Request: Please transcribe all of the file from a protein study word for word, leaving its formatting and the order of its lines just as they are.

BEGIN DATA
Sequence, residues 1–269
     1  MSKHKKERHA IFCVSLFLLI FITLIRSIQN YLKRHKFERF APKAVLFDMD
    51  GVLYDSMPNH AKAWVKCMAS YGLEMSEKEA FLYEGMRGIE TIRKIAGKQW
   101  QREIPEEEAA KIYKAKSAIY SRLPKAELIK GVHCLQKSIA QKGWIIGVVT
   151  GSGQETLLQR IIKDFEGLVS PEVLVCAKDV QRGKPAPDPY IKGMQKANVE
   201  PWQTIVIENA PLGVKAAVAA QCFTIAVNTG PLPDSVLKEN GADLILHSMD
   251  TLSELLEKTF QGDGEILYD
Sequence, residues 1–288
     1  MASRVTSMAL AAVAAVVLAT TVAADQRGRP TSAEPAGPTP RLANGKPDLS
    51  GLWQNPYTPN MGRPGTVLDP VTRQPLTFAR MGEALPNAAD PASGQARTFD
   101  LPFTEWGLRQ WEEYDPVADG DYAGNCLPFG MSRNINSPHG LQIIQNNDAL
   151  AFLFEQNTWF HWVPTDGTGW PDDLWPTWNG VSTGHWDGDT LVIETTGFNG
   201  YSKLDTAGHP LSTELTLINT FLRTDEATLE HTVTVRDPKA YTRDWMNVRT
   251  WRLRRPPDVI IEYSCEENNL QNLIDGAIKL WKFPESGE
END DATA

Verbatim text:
Sequence, residues 1–269
     1  MSKHKKERHA IFCVSLFLLI FITLIRSIQN YLKRHKFERF APKAVLFDMD
    51  GVLYDSMPNH AKAWVKCMAS YGLEMSEKEA FLYEGMRGIE TIRKIAGKQW
   101  QREIPEEEAA KIYKAKSAIY SRLPKAELIK GVHCLQKSIA QKGWIIGVVT
   151  GSGQETLLQR IIKDFEGLVS PEVLVCAKDV QRGKPAPDPY IKGMQKANVE
   201  PWQTIVIENA PLGVKAAVAA QCFTIAVNTG PLPDSVLKEN GADLILHSMD
   251  TLSELLEKTF QGDGEILYD
Sequence, residues 1–288
     1  MASRVTSMAL AAVAAVVLAT TVAADQRGRP TSAEPAGPTP RLANGKPDLS
    51  GLWQNPYTPN MGRPGTVLDP VTRQPLTFAR MGEALPNAAD PASGQARTFD
   101  LPFTEWGLRQ WEEYDPVADG DYAGNCLPFG MSRNINSPHG LQIIQNNDAL
   151  AFLFEQNTWF HWVPTDGTGW PDDLWPTWNG VSTGHWDGDT LVIETTGFNG
   201  YSKLDTAGHP LSTELTLINT FLRTDEATLE HTVTVRDPKA YTRDWMNVRT
   251  WRLRRPPDVI IEYSCEENNL QNLIDGAIKL WKFPESGE